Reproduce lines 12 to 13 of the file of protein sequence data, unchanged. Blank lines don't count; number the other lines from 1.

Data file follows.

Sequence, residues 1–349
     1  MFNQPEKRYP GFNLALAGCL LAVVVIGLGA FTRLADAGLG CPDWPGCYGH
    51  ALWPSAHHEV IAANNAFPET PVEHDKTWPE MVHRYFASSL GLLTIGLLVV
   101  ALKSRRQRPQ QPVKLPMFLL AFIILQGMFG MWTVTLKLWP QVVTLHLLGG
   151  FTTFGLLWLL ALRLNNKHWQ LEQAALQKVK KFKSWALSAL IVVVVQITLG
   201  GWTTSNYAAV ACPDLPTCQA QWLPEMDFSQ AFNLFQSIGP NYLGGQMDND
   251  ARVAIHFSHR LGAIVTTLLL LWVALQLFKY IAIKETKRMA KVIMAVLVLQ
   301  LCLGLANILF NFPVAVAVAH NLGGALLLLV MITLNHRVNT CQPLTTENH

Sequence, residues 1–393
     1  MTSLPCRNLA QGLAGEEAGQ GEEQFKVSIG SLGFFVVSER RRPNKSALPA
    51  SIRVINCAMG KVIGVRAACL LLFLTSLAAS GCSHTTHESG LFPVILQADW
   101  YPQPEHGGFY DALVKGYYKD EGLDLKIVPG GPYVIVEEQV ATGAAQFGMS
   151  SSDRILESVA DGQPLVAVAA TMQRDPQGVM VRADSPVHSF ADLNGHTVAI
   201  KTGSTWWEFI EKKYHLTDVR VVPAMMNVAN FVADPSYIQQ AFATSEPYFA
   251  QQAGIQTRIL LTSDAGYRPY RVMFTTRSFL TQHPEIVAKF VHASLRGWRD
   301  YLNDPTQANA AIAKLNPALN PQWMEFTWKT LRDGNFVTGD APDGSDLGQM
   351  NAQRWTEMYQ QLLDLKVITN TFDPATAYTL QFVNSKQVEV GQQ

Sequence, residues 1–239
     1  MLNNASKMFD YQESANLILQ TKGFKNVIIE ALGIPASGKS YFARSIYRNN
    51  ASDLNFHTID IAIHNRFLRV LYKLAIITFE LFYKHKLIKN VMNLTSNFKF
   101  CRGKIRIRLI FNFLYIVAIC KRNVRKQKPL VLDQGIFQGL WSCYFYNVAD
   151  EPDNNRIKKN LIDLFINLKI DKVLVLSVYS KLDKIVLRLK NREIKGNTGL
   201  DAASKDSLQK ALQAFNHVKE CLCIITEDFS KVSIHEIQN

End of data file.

   101  YPQPEHGGFY DALVKGYYKD EGLDLKIVPG GPYVIVEEQV ATGAAQFGMS
   151  SSDRILESVA DGQPLVAVAA TMQRDPQGVM VRADSPVHSF ADLNGHTVAI